Since these plants are native to tropical environments and most of us don’t want to keep our house in greenhouse-like conditions, it’s ok to keep the temperature comfortable for you. Your Cebu Blue will do just fine!

The indoor Cebu Blue will do very well in normal household conditions and indoor temperatures of 60°F-80°F. Keep your plant away from colder areas or away from windows if the weather outside is chilly. Also make sure they are not grown close to heating and cooling vents.

A vining tropical plant with silvery blue leaves

Your Cebu Blue will thrive with an indoor humidity level of about 70-85 percent which is similar to the plant’s native habitat humidity levels. If your family prefers a lower humidity level indoors, place your plant near or in areas where there is increased moisture like a bathroom, laundry area or in a kitchen.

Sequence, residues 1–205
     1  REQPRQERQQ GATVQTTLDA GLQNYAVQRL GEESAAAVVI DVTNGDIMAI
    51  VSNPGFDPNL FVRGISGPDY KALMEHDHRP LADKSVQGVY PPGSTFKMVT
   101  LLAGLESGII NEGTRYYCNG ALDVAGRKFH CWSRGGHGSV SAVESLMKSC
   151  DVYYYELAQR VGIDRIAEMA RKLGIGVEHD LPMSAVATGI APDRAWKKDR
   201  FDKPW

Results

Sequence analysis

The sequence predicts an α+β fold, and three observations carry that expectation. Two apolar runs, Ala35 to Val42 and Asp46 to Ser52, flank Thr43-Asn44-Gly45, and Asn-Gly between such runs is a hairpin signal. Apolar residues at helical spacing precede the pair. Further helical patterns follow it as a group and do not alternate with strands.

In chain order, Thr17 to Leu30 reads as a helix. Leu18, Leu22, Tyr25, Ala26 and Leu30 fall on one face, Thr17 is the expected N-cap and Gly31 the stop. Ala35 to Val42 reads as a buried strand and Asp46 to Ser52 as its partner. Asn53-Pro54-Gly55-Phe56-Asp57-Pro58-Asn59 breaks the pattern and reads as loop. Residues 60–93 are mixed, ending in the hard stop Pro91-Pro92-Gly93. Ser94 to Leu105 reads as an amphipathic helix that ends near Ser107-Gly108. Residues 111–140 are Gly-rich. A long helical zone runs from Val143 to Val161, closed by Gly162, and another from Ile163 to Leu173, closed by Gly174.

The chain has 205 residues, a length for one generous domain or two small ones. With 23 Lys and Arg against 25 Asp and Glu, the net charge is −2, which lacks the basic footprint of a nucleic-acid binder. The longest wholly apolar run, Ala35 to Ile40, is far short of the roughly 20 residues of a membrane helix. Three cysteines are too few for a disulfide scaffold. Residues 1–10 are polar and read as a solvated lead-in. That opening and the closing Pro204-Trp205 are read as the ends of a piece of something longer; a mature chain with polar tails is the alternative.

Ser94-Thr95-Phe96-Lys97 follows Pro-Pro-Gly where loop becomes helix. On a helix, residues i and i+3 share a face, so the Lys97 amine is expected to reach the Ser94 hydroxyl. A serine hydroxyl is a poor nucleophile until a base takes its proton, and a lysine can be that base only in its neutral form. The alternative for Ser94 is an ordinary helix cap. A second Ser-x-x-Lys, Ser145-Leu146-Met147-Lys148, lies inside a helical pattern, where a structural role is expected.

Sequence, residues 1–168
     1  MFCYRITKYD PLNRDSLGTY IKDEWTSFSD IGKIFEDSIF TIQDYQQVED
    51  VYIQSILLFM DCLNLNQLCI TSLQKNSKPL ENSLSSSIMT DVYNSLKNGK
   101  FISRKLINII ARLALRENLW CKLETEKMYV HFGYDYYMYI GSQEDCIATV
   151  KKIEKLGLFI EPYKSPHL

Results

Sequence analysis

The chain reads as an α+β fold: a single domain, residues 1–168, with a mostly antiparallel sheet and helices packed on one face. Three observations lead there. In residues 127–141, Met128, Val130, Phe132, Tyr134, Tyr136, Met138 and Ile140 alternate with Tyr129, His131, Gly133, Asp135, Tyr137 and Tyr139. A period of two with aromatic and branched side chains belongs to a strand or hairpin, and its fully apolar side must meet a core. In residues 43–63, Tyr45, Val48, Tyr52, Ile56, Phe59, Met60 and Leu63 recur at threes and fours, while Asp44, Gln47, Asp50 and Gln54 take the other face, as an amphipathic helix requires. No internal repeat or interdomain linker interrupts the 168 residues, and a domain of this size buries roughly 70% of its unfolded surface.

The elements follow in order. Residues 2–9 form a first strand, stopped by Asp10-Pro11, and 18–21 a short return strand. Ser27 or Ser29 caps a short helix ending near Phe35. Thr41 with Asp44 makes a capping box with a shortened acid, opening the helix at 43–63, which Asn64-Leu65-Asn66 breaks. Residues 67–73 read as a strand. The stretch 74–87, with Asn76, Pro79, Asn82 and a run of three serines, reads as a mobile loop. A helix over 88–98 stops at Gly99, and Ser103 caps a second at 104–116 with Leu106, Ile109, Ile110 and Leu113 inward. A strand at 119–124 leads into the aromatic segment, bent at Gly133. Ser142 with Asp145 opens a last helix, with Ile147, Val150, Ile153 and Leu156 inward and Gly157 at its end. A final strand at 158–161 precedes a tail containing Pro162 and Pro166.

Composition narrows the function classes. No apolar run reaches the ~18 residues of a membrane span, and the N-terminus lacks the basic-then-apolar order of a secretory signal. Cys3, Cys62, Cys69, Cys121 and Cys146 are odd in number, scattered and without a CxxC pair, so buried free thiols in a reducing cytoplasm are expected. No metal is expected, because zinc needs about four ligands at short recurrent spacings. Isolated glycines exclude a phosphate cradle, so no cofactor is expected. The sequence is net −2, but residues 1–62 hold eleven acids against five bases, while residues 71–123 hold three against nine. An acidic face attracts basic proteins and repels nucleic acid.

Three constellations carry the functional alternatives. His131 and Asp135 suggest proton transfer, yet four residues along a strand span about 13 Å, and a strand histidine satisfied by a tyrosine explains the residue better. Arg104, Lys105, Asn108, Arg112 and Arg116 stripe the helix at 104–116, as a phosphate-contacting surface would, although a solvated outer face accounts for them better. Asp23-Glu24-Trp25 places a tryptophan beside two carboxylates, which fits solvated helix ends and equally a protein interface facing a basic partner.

I do suggest increasing the humidity level slightly during winter months if you run a heater or furnace to help prevent plant dryness. This can be done using a small humidifier or placing the pot on a pebble tray.


Cebu Blue plants thrive best when the soil is enriched with nutrients and has a chunkier composition. To provide the best Cebu Blue pothos care and encourage prolific growth, add a bit of fertilizer on occasion especially in the plant’s first couple of growing seasons. Some potting soil mixtures for houseplants already contain a slow-release fertilizer so check your package first before adding additional mixtures.

A maturing Cebu Blue pothos with split leaves

These kinds of fertilizers are chock full of nutrients plants require, like calcium, nitrogen, phosphorus, potassium and magnesium among others. These mixtures usually contain micronutrients and macronutrients which describe how much of each ingredient is included in your fertilizer.

Dilute the fertilizer with water and follow the fertilizer instructions exactly to ensure that your plant does not get damaged by too much fertilizer.